Northbound lane inputs NB_IN[13:0], #NB_IN[13:0] to repairing AMB 100 are connected to northbound lane motherboard outputs 86, NB_OUT[13:0], #NB_OUT[13:0] on motherboard 28. These 14 northbound lanes carry frames generated by downstream memory modules that are being sent to the processor, perhaps through upstream memory modules (not shown).

Northbound lane outputs NB_OUT[13:0], #NB_OUT[13:0] from repairing AMB 100 are connected to northbound lane motherboard inputs 84 (NB_IN[13:0], #NB_IN[13:0]) on motherboard 28. These 14 northbound lanes carry frames generated by memory module 10 or generated by downstream memory modules that are being sent to the processor. Northbound lane inputs NB_IN[13:0], #NB_IN[13:0] on motherboard 28 could connect to the memory controller and to the processor directly, or could connect to an upstream memory module (not shown).

Southbound lane inputs SB_IN[9:0], #SB_IN[9:0] to repairing AMB 100 are connected to southbound lane motherboard outputs 87, SB_OUT[9:0], #SB_OUT[9:0] on motherboard 28. These 10 southbound lanes carry frames generated by the processor that are being sent to memory module 10 or to downstream memory modules in the daisy chain.

Southbound lane outputs SB_OUT[9:0], #SB_OUT[9:0] from repairing AMB 100 are connected to southbound lane motherboard inputs 85 (SB_IN[9:0], #SB_IN[9:0]) on motherboard 28. These 10 southbound lanes carry frames generated by the processor that are being sent to downstream memory modules. Southbound lane outputs SB_OUT[9:0], #SB_OUT[9:0] on motherboard 28 could be driven by the memory controller directly, or could connect to an upstream memory module (not shown).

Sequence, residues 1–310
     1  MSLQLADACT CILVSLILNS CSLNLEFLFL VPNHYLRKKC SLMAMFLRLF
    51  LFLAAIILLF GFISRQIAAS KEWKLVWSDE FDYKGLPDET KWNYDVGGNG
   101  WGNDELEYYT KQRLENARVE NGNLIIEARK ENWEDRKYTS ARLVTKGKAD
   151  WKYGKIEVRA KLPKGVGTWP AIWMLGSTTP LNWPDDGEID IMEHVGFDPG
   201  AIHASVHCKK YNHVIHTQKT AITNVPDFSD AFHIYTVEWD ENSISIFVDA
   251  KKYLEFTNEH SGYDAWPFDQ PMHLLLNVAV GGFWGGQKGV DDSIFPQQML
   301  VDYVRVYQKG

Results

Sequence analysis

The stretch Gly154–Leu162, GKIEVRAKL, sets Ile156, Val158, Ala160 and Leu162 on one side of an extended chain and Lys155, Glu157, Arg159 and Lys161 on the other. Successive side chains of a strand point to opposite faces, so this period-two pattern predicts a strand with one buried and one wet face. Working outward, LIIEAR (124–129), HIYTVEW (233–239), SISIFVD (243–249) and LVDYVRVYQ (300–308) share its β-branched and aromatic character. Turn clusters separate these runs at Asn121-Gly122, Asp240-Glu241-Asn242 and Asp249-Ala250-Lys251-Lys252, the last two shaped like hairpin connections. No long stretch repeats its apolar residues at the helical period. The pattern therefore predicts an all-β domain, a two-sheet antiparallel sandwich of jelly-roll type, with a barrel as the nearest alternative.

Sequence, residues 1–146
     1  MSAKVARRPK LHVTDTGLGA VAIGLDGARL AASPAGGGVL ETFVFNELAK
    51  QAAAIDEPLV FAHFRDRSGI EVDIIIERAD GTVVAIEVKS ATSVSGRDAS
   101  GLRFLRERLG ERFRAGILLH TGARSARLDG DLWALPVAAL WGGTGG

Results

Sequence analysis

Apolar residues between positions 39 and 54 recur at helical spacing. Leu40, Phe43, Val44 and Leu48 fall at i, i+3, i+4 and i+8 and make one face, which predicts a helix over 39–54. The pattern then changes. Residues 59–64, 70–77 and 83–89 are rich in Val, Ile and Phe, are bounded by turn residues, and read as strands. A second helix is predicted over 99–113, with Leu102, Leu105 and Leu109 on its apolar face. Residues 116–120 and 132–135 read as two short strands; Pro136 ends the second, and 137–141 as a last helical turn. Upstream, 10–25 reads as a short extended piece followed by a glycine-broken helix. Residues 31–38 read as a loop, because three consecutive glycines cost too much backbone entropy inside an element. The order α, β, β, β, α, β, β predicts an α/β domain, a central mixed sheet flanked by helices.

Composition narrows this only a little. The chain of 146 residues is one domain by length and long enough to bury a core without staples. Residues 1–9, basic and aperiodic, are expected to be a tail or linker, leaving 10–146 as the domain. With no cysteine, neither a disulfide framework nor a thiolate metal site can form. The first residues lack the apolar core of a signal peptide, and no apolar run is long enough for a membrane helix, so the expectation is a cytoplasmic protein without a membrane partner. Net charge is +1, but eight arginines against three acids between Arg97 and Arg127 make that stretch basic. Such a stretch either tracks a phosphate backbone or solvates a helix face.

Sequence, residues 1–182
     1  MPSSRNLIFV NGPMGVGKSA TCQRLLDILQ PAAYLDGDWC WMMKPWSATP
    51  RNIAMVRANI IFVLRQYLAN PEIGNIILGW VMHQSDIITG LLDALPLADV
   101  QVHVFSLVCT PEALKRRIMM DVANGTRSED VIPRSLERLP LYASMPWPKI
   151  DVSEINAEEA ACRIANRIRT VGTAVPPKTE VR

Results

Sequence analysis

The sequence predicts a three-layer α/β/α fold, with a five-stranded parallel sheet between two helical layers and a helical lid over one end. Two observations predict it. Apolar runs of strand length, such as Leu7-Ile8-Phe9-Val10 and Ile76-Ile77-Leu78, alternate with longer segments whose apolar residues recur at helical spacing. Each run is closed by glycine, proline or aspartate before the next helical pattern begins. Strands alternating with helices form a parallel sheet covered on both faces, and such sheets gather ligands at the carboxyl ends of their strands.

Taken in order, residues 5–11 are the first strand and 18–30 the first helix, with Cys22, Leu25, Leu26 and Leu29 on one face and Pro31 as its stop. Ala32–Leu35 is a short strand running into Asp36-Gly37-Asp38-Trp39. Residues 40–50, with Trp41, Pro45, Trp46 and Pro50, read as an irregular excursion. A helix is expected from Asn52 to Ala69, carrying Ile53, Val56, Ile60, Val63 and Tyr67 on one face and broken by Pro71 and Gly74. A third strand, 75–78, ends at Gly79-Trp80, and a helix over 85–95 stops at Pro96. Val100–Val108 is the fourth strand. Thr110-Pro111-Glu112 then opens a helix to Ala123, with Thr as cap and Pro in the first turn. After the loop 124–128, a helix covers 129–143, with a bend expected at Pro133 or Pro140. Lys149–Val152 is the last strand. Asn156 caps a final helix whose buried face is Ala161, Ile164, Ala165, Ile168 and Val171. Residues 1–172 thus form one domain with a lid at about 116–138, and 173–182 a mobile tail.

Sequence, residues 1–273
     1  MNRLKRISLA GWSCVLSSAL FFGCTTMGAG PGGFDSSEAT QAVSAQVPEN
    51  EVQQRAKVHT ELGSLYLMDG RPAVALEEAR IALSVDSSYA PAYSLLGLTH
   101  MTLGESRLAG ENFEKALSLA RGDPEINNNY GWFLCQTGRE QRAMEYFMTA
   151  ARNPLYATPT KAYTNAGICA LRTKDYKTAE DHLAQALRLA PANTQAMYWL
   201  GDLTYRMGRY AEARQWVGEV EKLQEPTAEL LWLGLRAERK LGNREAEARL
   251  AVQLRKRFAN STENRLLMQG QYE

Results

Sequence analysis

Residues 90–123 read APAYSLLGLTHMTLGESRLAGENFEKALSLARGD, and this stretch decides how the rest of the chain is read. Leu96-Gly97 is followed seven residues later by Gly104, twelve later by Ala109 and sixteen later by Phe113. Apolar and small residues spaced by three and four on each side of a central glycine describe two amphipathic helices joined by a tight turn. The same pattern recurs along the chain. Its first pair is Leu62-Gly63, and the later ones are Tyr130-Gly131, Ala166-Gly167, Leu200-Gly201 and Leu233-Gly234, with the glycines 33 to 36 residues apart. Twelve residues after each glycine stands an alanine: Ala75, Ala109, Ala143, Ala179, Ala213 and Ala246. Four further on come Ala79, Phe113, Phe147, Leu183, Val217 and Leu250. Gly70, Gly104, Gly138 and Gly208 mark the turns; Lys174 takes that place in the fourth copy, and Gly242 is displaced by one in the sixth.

ALTERNATE EMBODIMENTS

Several other embodiments are contemplated by the inventors. For example the various functions may be partitioned into a variety of kinds and numbers of blocks. Functions may be implements in hardware, software, firmware, or various combinations. For example, basic functions such as address comparisons may be implemented in hardware logic gates, while more complex functions such as error handling may be assisted by execution of program instructions.

SPD-EEPROM 130 could be integrated into repairing AMB 100. Memory buffer 506 could be a memory external to repairing AMB 100 rather than be integrated with repairing AMB 100. Repair address buffer 68 could be non-volatile memory on repairing AMB 100 and could be directly programmed once, eliminating the need to transfer repair addresses from SPD-EEPROM 130 at each initialization. Memory buffer 506 could be an extension of repair address buffer 68, or could be part of a larger on-chip memory that includes FIFO 58.

Memory for the repair address in repair address buffer 68 may be flip-flops, registers, latches, SRAM, DRAM, non-volatile memory, or other kinds of memory. Likewise, spare repair memory that stores the replacement data may be flip-flops, registers, latches, SRAM, DRAM, non-volatile memory, or other kinds of memory. The repair addresses and/or the repair data may be internal to repairing AMB 100 or may be external to repairing AMB 100.